* * *
The Laundry, like any other government bureaucracy, operates on a 9-to-5 basis — except for those inconvenient bits that don't. The latter tend to be field operations of the kind where, if something goes wrong, they really don't want to find themselves listening to the voicemail system saying, "Invasions of supernatural brain-eating monsters can only be dealt with during core business hours. Please leave a message after the beep." (Supernatural? Why, yes: we're that part of Her Majesty's government that deals with occult technologies and threats. Certain abstruse branches of pure mathematics can have drastic consequences in the real world — we call them "magic" — by calling up the gibbering horrors with which we unfortunately share a multiverse [and the platonic realm of mathematical truth]. Given that computers are tools that can be used for performing certain classes of calculation really fast, it should come as no surprise that Applied Computational Demonology has been a growth area in recent years.)
My job, as Night Duty Officer, is to sit tight and answer the phone. In the unlikely event that it rings, I have a list of numbers I can call. Most of them ring through to duty officers in other departments, but one of them calls through to a special Army barracks in Hereford, another goes straight to SHAPE in Brussels — that's NATO's European theatre command HQ — and a third dials direct to the COBRA briefing room in Downing Street. Nobody in the Laundry has ever had to get the Prime Minister out of bed in the small hours, but there's always a first time: more importantly, it's the NDO's job to make that call if a sufficiency of shit hits the fan on his watch.
I've also got a slim folder (labelled TOP SECRET and protected by disturbing wards that flicker across the cover like electrified floaters in the corners of my vision) that contains a typed list of codewords relating to secret operations. It doesn't say what the operations are, but it lists the supervisors associated with them — the people to call if one of the agents hits the panic button.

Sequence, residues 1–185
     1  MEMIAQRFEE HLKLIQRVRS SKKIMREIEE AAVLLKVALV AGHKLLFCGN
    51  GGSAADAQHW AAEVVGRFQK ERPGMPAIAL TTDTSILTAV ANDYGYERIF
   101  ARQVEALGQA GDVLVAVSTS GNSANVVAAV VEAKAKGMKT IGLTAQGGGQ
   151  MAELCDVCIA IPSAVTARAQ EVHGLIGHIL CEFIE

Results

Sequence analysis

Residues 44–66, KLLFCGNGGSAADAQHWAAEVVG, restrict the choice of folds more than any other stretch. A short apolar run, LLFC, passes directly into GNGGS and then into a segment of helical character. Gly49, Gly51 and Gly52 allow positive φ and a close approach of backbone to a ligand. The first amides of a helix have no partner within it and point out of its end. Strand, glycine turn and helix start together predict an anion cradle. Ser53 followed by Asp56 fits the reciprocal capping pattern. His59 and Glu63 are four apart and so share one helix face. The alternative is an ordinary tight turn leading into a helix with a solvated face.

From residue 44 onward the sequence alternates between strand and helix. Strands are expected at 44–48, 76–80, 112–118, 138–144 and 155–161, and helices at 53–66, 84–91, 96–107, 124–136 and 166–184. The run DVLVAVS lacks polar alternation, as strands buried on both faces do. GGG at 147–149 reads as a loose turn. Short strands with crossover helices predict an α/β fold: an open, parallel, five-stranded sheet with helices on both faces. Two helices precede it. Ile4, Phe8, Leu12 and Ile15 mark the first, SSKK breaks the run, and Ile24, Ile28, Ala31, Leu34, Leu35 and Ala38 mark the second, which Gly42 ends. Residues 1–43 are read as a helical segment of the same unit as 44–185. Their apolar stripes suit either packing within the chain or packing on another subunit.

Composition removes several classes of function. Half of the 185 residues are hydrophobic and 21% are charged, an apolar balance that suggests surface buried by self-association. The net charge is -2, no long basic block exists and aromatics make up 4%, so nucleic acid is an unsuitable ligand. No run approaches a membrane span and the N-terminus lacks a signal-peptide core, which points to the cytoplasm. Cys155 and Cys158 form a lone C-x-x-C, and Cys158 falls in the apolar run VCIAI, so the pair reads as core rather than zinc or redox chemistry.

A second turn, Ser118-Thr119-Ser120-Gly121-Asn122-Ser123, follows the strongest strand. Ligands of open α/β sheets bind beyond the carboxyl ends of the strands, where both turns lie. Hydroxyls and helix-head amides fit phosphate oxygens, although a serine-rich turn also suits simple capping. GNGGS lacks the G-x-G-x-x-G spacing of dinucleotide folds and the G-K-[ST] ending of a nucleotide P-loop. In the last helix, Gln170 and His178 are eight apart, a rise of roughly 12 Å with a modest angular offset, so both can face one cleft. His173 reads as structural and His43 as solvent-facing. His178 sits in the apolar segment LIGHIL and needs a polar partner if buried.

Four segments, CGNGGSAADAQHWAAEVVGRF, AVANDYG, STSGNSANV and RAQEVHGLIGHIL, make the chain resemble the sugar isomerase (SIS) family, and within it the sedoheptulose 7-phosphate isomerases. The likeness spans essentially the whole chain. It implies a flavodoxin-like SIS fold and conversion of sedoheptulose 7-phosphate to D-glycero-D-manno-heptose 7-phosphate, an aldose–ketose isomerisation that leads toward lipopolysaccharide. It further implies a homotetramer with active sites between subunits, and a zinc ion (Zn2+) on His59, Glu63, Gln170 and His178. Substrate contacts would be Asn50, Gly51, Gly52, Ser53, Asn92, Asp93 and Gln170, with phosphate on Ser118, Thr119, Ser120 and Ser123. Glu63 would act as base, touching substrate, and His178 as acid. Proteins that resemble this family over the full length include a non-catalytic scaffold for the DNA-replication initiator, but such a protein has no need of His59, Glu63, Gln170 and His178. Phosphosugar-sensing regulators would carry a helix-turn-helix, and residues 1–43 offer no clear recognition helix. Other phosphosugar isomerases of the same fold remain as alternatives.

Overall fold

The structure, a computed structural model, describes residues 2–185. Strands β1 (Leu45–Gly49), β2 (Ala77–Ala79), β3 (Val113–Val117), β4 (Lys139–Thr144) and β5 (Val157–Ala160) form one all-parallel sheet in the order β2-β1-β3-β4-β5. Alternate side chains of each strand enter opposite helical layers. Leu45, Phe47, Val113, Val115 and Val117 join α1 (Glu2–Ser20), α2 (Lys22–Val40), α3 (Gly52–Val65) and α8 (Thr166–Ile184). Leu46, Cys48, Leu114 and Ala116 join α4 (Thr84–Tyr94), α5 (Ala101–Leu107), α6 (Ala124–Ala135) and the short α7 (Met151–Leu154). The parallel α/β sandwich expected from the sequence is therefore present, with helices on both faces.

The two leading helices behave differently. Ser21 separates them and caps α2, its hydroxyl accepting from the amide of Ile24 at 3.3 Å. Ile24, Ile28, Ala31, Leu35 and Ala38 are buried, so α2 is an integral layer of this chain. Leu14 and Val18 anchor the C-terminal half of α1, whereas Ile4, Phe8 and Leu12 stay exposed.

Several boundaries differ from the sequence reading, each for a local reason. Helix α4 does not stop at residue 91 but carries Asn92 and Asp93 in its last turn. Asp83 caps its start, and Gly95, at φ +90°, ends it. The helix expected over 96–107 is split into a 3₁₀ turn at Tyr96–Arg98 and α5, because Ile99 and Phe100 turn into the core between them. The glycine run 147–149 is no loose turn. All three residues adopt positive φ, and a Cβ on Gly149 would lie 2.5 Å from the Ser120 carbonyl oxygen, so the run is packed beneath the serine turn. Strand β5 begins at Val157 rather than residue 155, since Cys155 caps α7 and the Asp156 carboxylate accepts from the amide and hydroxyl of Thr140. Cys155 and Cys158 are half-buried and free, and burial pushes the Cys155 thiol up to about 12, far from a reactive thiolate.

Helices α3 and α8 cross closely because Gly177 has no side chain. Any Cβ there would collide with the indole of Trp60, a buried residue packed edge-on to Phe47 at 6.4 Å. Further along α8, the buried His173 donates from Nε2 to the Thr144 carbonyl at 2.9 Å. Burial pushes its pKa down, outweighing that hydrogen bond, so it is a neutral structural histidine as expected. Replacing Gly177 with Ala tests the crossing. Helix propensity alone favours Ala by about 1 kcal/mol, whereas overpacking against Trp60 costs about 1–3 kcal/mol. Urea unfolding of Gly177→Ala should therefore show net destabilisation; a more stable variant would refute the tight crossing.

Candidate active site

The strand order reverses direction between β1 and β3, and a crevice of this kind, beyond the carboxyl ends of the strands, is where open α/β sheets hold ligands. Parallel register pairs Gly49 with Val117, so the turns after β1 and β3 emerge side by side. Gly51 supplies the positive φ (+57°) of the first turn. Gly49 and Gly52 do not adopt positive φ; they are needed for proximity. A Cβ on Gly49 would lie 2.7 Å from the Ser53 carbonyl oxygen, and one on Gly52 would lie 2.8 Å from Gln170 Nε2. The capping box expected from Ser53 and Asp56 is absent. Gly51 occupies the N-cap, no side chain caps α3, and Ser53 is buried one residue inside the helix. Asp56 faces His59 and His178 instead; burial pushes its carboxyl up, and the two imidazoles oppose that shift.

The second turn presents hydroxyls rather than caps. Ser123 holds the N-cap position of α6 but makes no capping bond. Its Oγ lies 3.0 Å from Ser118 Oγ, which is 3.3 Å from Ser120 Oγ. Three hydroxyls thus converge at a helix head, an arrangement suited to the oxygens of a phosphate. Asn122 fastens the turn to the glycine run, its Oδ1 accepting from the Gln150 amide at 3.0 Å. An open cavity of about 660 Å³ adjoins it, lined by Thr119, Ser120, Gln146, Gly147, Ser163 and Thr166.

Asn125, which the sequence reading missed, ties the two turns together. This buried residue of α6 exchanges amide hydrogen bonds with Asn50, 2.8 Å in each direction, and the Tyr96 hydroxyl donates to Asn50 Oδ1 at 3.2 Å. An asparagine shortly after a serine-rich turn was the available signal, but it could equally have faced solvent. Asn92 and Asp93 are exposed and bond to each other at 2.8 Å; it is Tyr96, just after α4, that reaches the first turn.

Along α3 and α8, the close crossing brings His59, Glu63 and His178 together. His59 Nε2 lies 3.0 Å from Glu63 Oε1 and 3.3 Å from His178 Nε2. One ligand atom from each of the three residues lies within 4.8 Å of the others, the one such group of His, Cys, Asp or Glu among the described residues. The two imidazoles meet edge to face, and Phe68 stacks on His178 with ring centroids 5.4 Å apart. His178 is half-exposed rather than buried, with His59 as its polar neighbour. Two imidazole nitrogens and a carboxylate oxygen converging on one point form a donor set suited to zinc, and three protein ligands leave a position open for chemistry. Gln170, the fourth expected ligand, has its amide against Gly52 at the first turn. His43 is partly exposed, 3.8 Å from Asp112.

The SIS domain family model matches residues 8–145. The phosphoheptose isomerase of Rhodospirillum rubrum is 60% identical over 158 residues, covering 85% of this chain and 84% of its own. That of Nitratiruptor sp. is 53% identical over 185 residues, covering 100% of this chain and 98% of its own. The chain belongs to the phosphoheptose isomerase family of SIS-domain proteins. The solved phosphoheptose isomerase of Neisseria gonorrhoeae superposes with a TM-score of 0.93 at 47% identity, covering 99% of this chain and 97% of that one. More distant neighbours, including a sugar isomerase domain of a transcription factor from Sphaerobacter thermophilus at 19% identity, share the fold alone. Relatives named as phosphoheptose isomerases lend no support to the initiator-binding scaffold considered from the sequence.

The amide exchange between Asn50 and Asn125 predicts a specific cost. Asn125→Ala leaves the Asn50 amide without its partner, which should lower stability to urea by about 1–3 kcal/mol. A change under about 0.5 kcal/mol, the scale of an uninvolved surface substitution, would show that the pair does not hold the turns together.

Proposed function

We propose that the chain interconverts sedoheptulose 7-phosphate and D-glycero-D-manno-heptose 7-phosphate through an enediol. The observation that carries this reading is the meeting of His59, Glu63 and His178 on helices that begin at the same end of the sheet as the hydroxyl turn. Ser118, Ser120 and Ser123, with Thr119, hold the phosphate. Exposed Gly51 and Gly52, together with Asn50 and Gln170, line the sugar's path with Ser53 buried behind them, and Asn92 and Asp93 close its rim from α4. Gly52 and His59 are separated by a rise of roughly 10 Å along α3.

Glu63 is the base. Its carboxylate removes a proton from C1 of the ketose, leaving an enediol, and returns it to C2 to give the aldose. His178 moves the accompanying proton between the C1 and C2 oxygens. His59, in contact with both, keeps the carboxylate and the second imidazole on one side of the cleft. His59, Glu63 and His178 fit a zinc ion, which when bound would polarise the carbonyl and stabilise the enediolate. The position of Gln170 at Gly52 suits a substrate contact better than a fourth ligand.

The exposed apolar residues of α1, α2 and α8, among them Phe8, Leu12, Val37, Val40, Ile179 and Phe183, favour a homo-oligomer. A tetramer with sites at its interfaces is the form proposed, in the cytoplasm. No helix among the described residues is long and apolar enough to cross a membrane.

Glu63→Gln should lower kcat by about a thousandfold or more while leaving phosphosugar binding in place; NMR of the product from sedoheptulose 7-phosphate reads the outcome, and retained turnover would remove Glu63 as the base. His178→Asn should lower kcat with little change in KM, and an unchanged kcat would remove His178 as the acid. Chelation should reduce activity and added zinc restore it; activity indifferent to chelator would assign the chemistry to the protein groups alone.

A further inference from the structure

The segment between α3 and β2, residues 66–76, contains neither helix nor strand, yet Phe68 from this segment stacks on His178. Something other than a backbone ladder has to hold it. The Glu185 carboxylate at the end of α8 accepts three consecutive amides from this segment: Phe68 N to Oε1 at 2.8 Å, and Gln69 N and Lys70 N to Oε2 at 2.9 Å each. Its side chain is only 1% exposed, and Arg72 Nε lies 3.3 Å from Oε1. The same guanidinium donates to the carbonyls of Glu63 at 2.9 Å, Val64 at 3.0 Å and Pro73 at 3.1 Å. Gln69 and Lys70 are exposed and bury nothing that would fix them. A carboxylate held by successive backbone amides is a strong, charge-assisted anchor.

I've got an office to hang out in. An office with a bunk bed like something out of a fifties Carry On film about conscript life in the army, a chimney for the wind to whistle down (the better to keep me awake), a desk with an ancient computer terminal (shoved onto the floor to make room for my laptop), and a kettle (there's a bathroom next door with a sink, a toilet, and a shower that delivers an anemic trickle of tepid water). There's even a portable black-and-white TV with a cheap Freeview receiver (this is the first year since they discontinued analog broadcasting) in case I feel compelled to watch reruns of The Two Ronnies.
All the modern conveniences, in other words. ...
* * *
The Office Party is scheduled to take place on Wednesday afternoon, from 1 p.m. to 5 p.m. sharp.
As civil servants, however irregular, we're not paid enough to compete with the bankers and corporate Tarquins and Jocastas who fill most of the office blocks in this part of the city; even in these straitened times they can afford to drop a couple of hundred notes per head on bubbly. So we don't get a posh restaurant outing: instead we have to tart up the staff canteen with some added tinsel, fake snow spray on the windows, and a molting pine tree in a pot by the fire exit.